VICTORY: Kydd at Trafalgar
A regular feature looking back on each of the Kydd titles – with story background, research highlights, writing challenges and more.
And thank you for all your kind comments on the post about my tenth book, Invasion.
Praise for the book
‘Well-written mixture of high-seas adventure and character-based drama . . . impossible not to enjoy!’ — Booklist
‘Elegantly plotted . . . the writing has the power of a broadside at close range’ — Oxford Times
‘This book is as fresh as the first to be published . . . the characters have matured as the tales unfolded and each story adds a new layer of complexity . . . a fictional tale that takes forward the careers of his two heroes in such a natural way that they feel to be a genuine part of history, interacting with the real story of Nelson, Trafalgar and Victory’ — Firetrench
The main focus for research for this book was Portsmouth in the county of Hampshire. I was privileged to have been given virtually unlimited access to the HMS Victory. As you can probably imagine I spent many contented hours aboard…
Although I know Portsmouth very well, having been quartered in the city during my time in the Navy, and also having visited on location research for earlier Kydd books, I never seem to tire of ‘Pompey’ and its maritime attractions. For Victory I spent quite some time in Old Portsmouth, too, much of which stands just as it did in Kydd’s day.
Another locale for research for this book was London, both the physical city and the river Thames, as well as museums, archives and libraries – and I had spent time in the Mediterranean area on previous location research trips.
I love being sent photographs of readers with my books but in the case of Victory I was somewhat taken aback to find I had been sent three rather special ones – three ship captains, each holding Victory!
Captain Gabriel Catolino is commander of a destroyer squadron in the Argentinian navy. Captain Catolino enjoys historical maritime fiction and told me he immediately became a Kydd fan after reading Victory.
Captain Paul Wright of Cunard’s Queen Victoria was presented with a copy of Victory by one of my readers, fittingly, as the ship rounded Cape Trafalgar!
Captain (now Commodore) Jerry Kyd, the last Commanding Officer of HMS Ark Royal, graciously posed with Victory with Victory in the background. He was recently appointed the first seagoing Captain of the Royal Navy’s brand new aircraft carrier HMS Queen Elizabeth.
When I first began the series I knew that at one point I’d have to deal with Trafalgar, but as I was only in 1793, at book one, I was able to put my concerns about writing about such a famous event to one side, and get on with the business to hand. However, when I finished Invasion, I had to face the special challenges of Victory. How could I bring something fresh and new to such a well-known story? In the end I decided to do this by having two perspectives on the battle, one of my hero in his ship, and the other from a lowly midshipman aboard Victory herself.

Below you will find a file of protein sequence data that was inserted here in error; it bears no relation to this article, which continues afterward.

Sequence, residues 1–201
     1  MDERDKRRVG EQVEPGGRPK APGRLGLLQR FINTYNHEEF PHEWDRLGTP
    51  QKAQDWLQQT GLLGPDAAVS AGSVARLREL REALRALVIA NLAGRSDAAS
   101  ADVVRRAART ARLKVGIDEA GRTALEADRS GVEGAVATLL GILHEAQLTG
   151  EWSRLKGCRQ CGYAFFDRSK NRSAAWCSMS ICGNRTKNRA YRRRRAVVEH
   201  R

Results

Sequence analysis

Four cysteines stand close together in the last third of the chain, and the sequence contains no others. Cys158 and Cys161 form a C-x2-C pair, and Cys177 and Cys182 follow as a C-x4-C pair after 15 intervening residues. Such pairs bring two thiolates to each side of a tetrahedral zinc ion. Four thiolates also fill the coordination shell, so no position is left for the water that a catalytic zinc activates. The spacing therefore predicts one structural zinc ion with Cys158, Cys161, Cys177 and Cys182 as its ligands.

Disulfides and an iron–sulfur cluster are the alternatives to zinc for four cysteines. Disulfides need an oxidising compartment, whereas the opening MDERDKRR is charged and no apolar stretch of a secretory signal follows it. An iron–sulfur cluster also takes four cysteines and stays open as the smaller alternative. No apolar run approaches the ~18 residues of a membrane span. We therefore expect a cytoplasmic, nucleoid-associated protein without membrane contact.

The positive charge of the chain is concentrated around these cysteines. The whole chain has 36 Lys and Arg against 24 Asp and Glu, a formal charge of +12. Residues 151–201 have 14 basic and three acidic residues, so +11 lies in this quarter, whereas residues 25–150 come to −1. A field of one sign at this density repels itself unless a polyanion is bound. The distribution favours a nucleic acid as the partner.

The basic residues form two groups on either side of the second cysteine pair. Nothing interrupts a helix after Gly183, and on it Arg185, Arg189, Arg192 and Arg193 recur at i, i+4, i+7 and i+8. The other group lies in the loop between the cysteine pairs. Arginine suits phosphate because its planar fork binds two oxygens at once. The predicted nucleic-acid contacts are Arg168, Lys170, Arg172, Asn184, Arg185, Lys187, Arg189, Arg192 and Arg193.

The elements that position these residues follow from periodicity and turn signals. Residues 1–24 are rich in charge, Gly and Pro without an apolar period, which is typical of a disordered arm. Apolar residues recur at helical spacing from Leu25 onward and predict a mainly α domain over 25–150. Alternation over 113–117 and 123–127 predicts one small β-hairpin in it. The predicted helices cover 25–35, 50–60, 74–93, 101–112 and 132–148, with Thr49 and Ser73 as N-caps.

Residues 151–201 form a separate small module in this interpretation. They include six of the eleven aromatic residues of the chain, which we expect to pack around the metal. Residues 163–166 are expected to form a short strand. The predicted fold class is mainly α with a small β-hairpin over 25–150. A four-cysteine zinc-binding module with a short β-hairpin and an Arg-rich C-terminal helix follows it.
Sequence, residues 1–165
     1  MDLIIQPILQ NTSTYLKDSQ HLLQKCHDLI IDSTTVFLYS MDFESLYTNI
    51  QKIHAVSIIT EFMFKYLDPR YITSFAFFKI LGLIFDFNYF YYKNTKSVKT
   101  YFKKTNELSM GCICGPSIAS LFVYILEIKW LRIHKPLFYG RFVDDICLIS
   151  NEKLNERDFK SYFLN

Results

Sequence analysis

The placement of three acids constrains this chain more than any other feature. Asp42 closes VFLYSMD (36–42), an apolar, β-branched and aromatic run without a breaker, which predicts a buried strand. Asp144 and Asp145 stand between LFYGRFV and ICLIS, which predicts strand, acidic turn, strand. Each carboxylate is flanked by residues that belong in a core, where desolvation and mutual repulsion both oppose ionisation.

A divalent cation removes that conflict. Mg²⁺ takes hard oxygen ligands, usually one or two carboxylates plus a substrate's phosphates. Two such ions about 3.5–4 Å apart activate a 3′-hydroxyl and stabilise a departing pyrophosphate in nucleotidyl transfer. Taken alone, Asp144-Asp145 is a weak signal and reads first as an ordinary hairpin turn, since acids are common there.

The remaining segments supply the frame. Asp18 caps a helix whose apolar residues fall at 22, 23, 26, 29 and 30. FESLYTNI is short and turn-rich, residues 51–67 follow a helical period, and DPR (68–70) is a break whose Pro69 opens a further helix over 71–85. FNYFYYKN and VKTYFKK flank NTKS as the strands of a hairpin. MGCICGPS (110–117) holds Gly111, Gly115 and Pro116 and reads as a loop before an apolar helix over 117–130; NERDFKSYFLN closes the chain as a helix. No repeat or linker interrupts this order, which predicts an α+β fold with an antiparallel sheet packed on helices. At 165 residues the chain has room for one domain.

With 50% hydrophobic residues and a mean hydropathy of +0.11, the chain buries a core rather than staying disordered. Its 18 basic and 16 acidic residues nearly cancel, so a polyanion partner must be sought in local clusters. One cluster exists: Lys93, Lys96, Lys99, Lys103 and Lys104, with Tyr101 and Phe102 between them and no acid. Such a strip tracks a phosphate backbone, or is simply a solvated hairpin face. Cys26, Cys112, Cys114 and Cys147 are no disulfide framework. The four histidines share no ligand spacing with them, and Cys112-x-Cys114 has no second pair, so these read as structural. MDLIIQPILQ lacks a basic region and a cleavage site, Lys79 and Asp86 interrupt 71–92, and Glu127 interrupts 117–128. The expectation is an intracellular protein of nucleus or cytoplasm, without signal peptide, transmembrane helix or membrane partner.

Another problem was that while I have a huge admiration for Nelson (which, if anything, increased as I was writing the book) he is a huge presence on the maritime stage and I didn’t want him to take over the story
On the morning of October 21, 1805, with the combined fleets of France and Spain in sight, Nelson wrote this prayer, which I still find very moving to read :
- May the Great God, whom I worship, grant to my Country and for the benefit of Europe in general, a great and glorious Victory; and may no misconduct in any one, tarnish it and may humanity after victory be the predominant feature of the British Fleet. For myself individually, I commit my life to Him who made me and may His blessing light upon my endeavours for serving my Country faithfully. To Him I resign myself and the just cause which is entrusted to me to defend. Amen. Amen. Amen.
Milestone in the series
Victory completed the trilogy (which included the previous two titles: Treachery and Invasion) that dealt with the incredible events in the two years leading up to Napoleon’s defeat at Trafalgar in 1805. Victory was a milestone in the Kydd series; it featured the last of the big set-piece naval battles. Trafalgar removed the sceptre of invasion and Great Britain was released to seek conquests and colonies in the furthest reaches of the world. In subsequent books Kydd finds himself at the forefront of this race to wrest empire from the French and Dutch in exotic and little-known corners of the world.